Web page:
The New Yorker Wimps Out on Age Discrimination

An article on ageism in the November 20 issue of The New Yorker is oddly detached and completely misses the point.

For one thing, The New Yorker fails in the article, Why Ageism Never Gets Old,  to comprehend perhaps the major reason that age discrimination does not get old.  Age discrimination has its roots in the human psyche but is systematically carried out by individuals, public agencies and private sector employers who have little reason to fear legal consequences.

Age discrimination is rooted in the human psyche but is systematically carried out by employers with little reason to fear legal consequences.

Continue reading “The New Yorker Wimps Out on Age Discrimination”

If It’s Okay for Feds, Why Not Silicon Valley?

The EEOC apparently wants to crack down on tech industry employers who are engaged in blatant age discrimination in hiring but this goal may be complicated by the fact that the federal government also is engaged in blatant age discrimination in hiring.

PathwaysThe EEOC apparently wants to crack down on tech industry employers who are engaged in blatant age discrimination in hiring but this goal may be complicated by the fact that the federal government also is engaged in blatant age discrimination in hiring.

President Barack Obama on December 27, 2010 signed an executive order creating the Pathways “Recent Graduates” program, which allows the government to bypass older workers and hire “recent graduates.”  The program went into effect in 2012 for applicants who “have recently graduated from qualifying educational institutions or programs (2 years from the date the graduate completed an academic course of study).”  The U.S. Office of Program Management also has “reinvigorated”  the Pathways Presidential Management Fellows Program “for people who obtained an advanced degree (e.g., graduate or professional degree) within the preceding two years.”.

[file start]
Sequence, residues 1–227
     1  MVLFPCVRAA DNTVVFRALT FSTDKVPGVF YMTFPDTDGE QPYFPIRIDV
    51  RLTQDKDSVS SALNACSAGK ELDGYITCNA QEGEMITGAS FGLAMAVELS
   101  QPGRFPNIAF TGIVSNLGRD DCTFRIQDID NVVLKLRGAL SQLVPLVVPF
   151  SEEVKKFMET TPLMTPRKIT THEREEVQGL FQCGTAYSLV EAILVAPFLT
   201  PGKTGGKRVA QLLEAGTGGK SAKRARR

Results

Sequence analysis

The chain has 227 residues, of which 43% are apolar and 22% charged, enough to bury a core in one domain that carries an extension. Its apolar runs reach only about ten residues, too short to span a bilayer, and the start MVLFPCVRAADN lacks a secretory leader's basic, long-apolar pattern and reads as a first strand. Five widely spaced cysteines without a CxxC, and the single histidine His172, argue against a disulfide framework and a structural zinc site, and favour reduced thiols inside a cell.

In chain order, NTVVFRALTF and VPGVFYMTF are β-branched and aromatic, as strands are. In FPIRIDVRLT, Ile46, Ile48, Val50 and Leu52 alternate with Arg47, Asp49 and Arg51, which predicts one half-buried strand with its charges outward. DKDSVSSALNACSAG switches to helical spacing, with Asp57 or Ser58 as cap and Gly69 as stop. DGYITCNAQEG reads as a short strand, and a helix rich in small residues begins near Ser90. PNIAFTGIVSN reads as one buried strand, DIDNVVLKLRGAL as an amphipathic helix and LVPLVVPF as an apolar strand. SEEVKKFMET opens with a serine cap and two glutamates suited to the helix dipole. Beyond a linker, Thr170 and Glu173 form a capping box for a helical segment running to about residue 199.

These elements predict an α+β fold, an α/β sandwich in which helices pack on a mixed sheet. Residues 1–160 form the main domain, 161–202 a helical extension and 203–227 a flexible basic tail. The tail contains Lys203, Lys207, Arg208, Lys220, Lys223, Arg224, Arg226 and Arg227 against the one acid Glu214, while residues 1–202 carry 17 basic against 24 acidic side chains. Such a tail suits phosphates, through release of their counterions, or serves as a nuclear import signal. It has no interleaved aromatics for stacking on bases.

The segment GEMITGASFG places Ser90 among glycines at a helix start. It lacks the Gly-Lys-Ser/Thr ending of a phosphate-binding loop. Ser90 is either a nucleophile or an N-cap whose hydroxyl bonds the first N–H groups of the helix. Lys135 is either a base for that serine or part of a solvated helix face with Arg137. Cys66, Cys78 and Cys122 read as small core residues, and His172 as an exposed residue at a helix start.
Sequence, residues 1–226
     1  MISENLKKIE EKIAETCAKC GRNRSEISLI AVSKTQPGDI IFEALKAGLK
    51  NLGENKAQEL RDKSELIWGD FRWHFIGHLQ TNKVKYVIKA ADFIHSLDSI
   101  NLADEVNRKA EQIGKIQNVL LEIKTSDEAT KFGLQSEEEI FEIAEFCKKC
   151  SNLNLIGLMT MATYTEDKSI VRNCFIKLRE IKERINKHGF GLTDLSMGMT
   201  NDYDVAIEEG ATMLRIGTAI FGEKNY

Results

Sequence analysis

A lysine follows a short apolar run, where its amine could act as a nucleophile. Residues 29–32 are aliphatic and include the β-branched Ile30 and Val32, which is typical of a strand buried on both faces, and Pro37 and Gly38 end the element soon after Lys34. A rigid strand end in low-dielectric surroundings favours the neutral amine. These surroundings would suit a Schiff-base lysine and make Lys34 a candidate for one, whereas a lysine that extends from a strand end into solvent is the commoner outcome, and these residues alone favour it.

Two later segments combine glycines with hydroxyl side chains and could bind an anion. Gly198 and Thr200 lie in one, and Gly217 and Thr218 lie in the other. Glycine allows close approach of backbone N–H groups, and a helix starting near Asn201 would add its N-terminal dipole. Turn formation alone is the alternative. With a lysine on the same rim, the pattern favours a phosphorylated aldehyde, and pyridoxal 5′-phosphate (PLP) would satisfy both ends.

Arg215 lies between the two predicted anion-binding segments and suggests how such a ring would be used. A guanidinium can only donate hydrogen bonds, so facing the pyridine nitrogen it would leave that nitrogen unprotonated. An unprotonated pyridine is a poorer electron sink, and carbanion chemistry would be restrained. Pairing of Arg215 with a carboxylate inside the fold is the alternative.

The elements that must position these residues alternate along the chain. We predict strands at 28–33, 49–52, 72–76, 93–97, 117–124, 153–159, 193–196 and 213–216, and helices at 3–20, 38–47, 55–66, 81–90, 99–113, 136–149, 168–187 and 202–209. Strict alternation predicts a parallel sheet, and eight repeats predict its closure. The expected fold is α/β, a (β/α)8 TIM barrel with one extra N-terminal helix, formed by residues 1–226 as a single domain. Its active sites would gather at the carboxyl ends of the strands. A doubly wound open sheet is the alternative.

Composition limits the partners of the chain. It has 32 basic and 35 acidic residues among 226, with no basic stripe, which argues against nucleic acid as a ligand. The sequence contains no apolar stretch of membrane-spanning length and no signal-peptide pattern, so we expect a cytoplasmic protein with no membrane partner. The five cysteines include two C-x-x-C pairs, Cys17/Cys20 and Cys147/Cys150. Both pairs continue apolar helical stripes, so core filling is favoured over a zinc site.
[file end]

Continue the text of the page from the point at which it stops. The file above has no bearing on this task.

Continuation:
We all know the vast majority of recent graduates are under the age of 40. The term “recent graduate” is well-known code language for “older applicants need not apply.”

An EEOC official recently issued a thinly veiled threat to employers and employment agencies that advertise for “digital natives,” otherwise known as  post-millennials who under the age of 40.

Silicon Valley employers want to hire younger workers. The U.S. Office of Program Management wants to hire younger workers. What’s the difference? 

According to the OPM, the “Recent Graduates” program was necessary because the federal government has been “placed at a competitive disadvantage …compared to other sectors in recruiting and hiring students and recent graduates.” This seems dubious given that the “recent graduates” program was created in the waning days of the worst depression in a hundred years, when younger workers were facing double-digit unemployment. It seems more likely that the OPM wants an infusion of younger workers to replace older workers who are retiring. However,the OPM’s motivation for age discrimination should be irrelevant. Continue reading “If It’s Okay for Feds, Why Not Silicon Valley?”